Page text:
Posts Tagged ‘Russian Orthodox Church’

The passing scene – August 24, 2015

August 24, 2015

White supremacist gathering underscores Russia’s nationalist trend by Masur Mirovalev for the Los Angeles Times.  Hat tip to Oidin.

Racism, xenophobia and extreme nationalism are on the rise among ethnic Russians, who are 81 percent of the population of the Russian Federation.  The victims are Russia’s ethnic minorities, such as the Tatars, and its immigrants, who are mainly from the Caucasus and Central Asia.

Vladimir Putin has cracked down on hate killings while trying to harness Russian nationalism to support his struggle with NATO nations over Ukraine.  He aligns himself with the Russian Orthodox Church, Cossack paramilitaries and the extreme right-wing parties.

Putin Cracks Down on Christians in Crimea by Geraldine Fagan for Newsweek.

Russian authorities in Crimea are building up the Russian Orthodox Church while persecuting Baptists, Jehovah’s Witnesses and Eastern Rite Catholics.

A suspiciously “European” solution by Tom Sullivan for Hullabaloo.

The French National Front and Donald Trump by Paul Gottfried for the Unz Review.

Anti-foreign and anti-immigrant sentiment are on the rise throughout Europe as well as the USA.

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What if Russia breaks up?

August 7, 2015

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The Economist had an article speculating on the possibility of the breakup of the Russian Federation.  This doesn’t seem likely to me, but I’m no expert.

The old Soviet Union was a multi-national empire which was united, in theory, by Communist ideology which, in theory, treated all persons and all cultures equally.

The present-day Russian Federation is united mainly by Russian nationalism, based on the Russian language and Russian Orthodox Church.

This may solidify the loyalty of Russians, who are the federation’s largest ethnic group, but not necessarily Chechens, Tatars and other non-Russian peoples, who are treated as second-class citizens by Russian-speakers.

The Russian government had to fight a bloody war to keep Chechnya from seceding and the potential exists for other conflicts.

Many of the non-Russian nationalities have higher birth rates than the Russians.

What would happen if Russia did break up?  The United States, China and maybe Germany, Turkey, Iran and Japan would probably try to draw the fragments into their sphere of influence—a possible source of conflict and war.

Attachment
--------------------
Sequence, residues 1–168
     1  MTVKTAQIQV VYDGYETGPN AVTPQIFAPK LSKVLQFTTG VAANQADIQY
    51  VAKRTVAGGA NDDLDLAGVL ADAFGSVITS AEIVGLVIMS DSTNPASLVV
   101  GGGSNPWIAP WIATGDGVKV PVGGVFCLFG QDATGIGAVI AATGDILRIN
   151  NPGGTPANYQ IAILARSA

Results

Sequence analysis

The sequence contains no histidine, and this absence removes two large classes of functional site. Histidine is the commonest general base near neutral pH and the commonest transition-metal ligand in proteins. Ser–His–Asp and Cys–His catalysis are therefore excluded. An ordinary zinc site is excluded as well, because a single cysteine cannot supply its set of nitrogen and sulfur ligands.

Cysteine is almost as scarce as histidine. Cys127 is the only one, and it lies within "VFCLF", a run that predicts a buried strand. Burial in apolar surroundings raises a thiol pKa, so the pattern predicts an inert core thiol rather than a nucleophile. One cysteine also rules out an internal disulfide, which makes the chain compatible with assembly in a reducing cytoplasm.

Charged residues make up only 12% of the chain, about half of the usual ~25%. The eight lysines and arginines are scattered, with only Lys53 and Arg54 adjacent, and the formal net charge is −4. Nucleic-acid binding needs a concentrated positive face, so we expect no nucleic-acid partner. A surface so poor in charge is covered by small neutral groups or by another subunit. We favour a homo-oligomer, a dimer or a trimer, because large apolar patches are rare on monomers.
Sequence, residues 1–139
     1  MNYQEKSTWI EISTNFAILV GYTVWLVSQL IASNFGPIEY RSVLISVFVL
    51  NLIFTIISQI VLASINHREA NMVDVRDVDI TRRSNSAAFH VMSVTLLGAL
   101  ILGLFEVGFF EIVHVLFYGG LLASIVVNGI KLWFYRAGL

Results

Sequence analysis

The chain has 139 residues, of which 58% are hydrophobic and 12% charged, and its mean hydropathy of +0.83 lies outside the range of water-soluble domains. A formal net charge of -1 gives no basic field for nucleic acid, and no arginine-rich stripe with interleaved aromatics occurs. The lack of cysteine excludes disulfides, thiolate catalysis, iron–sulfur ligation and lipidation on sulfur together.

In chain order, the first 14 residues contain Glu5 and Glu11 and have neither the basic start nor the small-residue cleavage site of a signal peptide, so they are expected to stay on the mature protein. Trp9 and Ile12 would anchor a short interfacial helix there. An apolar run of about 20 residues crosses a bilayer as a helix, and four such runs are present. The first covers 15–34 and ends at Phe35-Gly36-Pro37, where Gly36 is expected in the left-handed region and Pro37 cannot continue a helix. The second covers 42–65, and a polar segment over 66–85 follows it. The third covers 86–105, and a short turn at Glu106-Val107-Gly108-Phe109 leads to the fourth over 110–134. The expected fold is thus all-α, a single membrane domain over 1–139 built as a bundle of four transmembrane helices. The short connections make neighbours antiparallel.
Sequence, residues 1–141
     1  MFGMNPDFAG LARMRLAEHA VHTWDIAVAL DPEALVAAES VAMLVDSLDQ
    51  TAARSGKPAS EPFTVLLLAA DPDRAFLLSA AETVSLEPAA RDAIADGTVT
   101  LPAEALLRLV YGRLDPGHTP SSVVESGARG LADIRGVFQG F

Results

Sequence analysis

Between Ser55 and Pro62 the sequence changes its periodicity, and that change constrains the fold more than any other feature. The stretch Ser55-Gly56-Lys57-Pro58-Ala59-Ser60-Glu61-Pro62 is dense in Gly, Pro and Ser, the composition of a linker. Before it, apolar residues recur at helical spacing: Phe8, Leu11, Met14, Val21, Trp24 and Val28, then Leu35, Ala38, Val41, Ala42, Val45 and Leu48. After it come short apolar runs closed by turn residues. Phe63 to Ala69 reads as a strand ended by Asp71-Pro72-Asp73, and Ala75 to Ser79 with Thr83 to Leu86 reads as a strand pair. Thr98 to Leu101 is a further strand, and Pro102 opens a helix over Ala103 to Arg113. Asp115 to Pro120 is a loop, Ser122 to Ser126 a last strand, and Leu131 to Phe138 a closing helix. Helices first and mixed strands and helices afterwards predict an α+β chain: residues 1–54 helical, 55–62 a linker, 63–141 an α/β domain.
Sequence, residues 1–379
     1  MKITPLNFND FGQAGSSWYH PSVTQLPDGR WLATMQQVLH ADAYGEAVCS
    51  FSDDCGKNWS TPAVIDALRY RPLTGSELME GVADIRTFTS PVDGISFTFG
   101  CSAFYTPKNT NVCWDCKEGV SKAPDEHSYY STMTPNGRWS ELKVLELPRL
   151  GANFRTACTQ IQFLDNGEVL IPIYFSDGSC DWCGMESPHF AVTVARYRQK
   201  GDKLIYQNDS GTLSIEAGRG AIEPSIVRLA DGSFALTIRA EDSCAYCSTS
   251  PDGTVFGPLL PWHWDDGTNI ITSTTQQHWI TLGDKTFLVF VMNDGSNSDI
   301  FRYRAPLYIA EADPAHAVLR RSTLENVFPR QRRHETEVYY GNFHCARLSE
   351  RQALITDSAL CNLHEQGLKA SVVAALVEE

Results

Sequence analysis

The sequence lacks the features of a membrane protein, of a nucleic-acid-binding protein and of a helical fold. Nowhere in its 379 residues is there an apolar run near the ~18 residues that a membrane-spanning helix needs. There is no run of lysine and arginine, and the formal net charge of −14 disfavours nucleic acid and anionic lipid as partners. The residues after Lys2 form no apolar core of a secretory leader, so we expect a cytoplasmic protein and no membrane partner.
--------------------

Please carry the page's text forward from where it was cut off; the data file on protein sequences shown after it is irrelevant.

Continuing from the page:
The worst case would be if Russia descended into chaos and anarchy, and some rogue government or movement got control of Russian nuclear missiles.

I don’t think The Economist is seriously predicting this.  But who knows what might happen?

LINK

What if Russia breaks up? The peril beyond Putin by The Economist.

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The passing scene: January 4, 2015

January 4, 2015

Scavengers by Adam Johnson for Granta.

Adam Johnson walked down the stairs of his North Korean tourist hotel because he did not trust the elevator, and discovered that most floors of were unoccupied and scavenged for furnishings in order to keep up appearances on the few floors on which the tourists stayed.  This is one of the glimpses his article provides of the reality of life in North Korea.

Remembering the Russian Orthodox Priest Who Fought the Orthodox Church by Cathy Young for the Daily Beast.

Father Gleb Yakunin, a Russian Orthodox priest who died on Christmas, fought for democracy, Christian values and freedom for all religions against Communist totalitarianism and Putinist corruption.  He was defrocked twice for protesting and exposing the ties of the Russian Orthodox church with the Soviet government.

Religion in Latin America by the Pew Research Center.

Pentecostalism is on the rise in a historically Roman Catholic region.  The worldwide spread of Pentecostalism may be the most significant religious development of our time.

Tayloring Christianity by Matthew Rose for First Things.

A Secular Age? by Patrick J. Dineen for The American Conservative.

Secularism in the USA does not war on religion, the way anti-clericalism has done in France, Mexico and other countries.  American secularists simply want religion to be an individual matter rather than the organizing principle of society.  In a way, American secular liberals are the ultimate Protestants.

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